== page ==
→Keep kneading and adding water until the masa has reached the consistency of Play-Dough. Then, continue to knead for an additional 1-2 minutes to make sure all of the water has been thoroughly absorbed.

→In the meantime, heat a comal/skillet. I have a cast iron comal that I really like, but you could also use a cast iron skillet or any griddle. I heat the comal for about 4 minutes on medium heat. Then I lower the heat to medium-low (almost low) and let it continue to warm for another 3-4 minutes.

→When the comal is ready, form a ball of masa that weighs about 35-37 grams. The ball should be smaller than a tennis ball but larger than a golf ball. Place the ball of masa between the two pieces of plastic on the tortilla press. Flatten it slightly with your hand and move it a little off center towards the hinge rather than the handle. Using the tortilla press, flatten the masa. Then open the press up and turn the tortilla 180 degrees. Flatten it a second time. Then open up the press again.

→Carefully remove the top layer of plastic. Then, using one hand to hold the tortilla, gently pull the other piece of plastic away using the other hand. If your masa has the right hydration, the tortilla will pull away easily from the plastic. If your masa is too dry, the edges will be jagged. Add a little more water. If your masa is too wet, the tortilla will stick messily to the plastic. You might need to add a little more masa harina.

→Then, delicately place the tortilla on the hot comal. Try to do this in one quick motion so that there are no mountains in the tortilla. Don’t try to move/fix the tortilla once it is on the comal. Doing so will tear it.

→Now comes the important part. Once you place the tortilla on the comal start counting up to 40-45 seconds. When you see the edges of the tortilla start to dry out just enough to grab with your fingers, you need to flip the tortilla. Then, count up for another 40-60 seconds. Flip the tortilla again. Gently poke at the middle of it with one or two fingers until the tortilla begins to puff. Once it has puffed, let it cook for an additional 20-30 seconds.

→Then, remove the tortilla from the comal and place it in a tortilla warmer or a clean towel to keep warm. Serve fresh.


  • I have always used a metal press and like it, but a wooden press would work fine as well.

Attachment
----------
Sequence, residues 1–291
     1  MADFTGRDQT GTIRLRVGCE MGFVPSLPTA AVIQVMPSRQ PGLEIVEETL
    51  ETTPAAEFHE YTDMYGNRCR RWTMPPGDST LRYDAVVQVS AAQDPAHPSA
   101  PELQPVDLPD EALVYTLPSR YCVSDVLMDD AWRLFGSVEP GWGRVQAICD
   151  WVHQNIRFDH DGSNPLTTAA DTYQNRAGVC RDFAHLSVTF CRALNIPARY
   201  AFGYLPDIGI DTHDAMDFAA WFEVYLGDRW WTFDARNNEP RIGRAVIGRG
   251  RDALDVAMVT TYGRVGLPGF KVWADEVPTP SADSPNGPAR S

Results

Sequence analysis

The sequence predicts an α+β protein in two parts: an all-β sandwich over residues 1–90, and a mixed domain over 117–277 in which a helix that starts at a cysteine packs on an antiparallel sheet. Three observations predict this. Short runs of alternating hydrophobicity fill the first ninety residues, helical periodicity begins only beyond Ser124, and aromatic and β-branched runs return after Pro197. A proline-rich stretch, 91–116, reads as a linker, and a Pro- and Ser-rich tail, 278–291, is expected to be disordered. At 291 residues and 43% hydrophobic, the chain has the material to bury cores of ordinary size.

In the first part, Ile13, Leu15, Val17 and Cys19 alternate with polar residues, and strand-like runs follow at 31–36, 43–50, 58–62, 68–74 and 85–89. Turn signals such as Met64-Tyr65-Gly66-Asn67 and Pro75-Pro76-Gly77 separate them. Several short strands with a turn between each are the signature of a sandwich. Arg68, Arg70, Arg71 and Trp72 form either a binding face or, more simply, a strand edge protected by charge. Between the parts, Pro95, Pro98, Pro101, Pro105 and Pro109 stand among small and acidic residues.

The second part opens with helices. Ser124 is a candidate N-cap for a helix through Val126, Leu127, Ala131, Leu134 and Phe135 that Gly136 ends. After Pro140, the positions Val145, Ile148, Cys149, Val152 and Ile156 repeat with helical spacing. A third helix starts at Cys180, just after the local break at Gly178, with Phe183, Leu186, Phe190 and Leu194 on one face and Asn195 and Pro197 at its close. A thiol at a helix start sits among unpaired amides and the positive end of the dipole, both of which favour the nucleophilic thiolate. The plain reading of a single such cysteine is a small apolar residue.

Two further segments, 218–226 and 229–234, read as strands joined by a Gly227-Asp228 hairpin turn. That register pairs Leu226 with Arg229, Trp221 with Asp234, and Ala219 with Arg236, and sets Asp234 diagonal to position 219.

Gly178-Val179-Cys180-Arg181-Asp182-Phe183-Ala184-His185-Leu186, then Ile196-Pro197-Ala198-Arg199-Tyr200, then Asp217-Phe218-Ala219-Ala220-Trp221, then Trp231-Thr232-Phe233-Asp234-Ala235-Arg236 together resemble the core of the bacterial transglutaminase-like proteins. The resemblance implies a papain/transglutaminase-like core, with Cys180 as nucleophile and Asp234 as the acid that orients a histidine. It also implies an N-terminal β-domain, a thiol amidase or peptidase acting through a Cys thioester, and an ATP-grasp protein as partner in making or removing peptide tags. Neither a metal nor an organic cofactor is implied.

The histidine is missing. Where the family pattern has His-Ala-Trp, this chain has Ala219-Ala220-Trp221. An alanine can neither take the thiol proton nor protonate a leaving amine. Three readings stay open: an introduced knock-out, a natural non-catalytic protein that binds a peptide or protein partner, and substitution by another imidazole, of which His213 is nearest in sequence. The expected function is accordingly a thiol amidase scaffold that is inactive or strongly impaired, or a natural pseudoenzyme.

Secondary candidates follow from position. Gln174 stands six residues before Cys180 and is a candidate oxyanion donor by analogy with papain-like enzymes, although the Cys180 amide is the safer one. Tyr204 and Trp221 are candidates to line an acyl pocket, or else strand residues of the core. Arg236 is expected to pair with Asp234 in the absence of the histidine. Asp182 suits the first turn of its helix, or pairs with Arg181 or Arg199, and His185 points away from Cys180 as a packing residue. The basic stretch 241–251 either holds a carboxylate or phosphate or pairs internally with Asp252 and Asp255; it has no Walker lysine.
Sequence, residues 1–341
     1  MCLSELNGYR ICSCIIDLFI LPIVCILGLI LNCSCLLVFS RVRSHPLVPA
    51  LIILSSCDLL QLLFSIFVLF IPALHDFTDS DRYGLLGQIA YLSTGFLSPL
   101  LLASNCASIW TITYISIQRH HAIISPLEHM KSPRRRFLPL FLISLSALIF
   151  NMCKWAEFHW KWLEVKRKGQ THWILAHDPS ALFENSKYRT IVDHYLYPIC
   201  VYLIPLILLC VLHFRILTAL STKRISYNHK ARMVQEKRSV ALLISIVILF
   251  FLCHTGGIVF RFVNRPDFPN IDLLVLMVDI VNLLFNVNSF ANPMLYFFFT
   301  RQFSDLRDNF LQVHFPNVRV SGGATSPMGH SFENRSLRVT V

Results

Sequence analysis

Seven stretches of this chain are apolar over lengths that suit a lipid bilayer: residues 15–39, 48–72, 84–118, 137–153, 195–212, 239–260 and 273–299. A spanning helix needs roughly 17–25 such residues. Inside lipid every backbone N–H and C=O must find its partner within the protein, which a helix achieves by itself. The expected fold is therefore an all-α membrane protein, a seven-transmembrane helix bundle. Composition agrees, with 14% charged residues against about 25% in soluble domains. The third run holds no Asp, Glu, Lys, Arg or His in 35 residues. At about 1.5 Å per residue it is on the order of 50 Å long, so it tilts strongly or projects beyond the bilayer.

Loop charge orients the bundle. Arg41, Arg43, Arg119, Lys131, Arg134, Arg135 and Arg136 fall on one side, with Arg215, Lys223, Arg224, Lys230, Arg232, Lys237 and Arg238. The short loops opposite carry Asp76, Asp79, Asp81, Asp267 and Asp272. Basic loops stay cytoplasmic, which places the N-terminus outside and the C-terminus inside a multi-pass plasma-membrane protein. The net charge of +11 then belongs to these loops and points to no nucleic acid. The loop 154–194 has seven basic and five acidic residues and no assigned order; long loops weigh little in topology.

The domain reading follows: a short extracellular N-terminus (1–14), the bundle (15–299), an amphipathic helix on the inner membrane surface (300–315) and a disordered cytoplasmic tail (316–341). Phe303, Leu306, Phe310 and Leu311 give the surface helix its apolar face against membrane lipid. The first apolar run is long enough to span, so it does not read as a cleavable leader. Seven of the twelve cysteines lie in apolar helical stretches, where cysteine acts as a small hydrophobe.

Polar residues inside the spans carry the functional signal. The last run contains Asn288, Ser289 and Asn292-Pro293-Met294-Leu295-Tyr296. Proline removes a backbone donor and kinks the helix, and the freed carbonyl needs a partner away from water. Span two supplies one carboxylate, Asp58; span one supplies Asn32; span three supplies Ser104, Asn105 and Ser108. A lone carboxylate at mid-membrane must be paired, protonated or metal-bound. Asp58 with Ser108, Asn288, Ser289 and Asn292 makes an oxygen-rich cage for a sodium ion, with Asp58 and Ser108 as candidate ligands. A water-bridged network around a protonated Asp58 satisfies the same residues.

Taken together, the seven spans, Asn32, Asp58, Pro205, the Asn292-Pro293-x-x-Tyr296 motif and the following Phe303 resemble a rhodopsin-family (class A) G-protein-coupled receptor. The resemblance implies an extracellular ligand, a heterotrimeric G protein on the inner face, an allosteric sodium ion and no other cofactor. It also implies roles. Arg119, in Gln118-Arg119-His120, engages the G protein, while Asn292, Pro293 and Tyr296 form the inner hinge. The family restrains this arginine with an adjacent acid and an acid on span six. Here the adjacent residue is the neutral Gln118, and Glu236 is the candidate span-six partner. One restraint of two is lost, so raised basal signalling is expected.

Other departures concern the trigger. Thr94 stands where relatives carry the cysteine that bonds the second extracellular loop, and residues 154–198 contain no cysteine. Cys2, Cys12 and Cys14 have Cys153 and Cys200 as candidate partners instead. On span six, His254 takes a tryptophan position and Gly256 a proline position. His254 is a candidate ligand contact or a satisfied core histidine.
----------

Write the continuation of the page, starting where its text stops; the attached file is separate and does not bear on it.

• I have noticed that it is really important not to cook the tortilla for more than 40-50 seconds on the first side. It seems to dry the tortilla out which prevents it from puffing later on.
  • It really helps to poke at the tortilla to get it to puff. I am by no means a master at this. Don’t worry. Some of mine don’t puff at all. But, keep practicing until you get it.
  • You need a hot comal, but you don’t want it scorching. I think the trick is to preheat the comal and then maintain an even low-medium heat.

Recipe Source: Lots of practice and experimenting 🙂


5 thoughts on “Tortillas de Masa Harina

  1. Lesley says:

    What a thorough, detailed guide you’ve put together! Thank you for your time in doing this. Have you experimented at all with the amount of time that you knead the dough, or whether that’s a factor in creating a better-tasting tortilla? I only recently started working with masa harina instead of fresh nixtamalized masa — I’m lucky enough to own an electric corn at home, which works really well. Fresh nixtamalized masa, I’ve found, needs quite a bit of kneading to reach the ideal texture, which is rather light and airy and creamy. But dough made with masa harina, no matter how much kneading I do, doesn’t ever seem to reach the “light and airy” phase. It also doesn’t seem as stretchy and pliable as fresh masa. It’s just… denser. Anyway, I’m still experimenting as to whether this affects the taste. Just wanted to raise this issue. 🙂

    • Nicole says:

      Hi Lesley,
      Thanks so much for your comment. I’ve experimented a little bit with the “resting” time of masa made from masa harina to see whether it absorbs more water. Some people say that you should leave the masa sit for an hour before using it. I’ve tried that, but I honestly did not notice a huge difference. I have not, however, experimented with the amount of kneading time. That would be interesting to try. I appreciate that you described fresh masa made from nixtamal as light and airy. For all of my time spent in Mexico, I am upset that I am just discovering what “real” masa is all about. I have very clear memories of what fresh masa looks like (I’m thinking of the tlacoyo ladies with the 5-gallon buckets of masa azul), but unfortunately, I am unfamiliar with its texture. Thank you for your helpful description. As you know by now, working with masa harina is a totally different ball game, but I’ll continue to experiment. Hopefully someday I will be able to buy a molino de nixtamal 🙂

  2. Jennifer says:

    I just made these and they were delicious!!! Exactly what I was looking for. My 5 year old daughter inhaled them.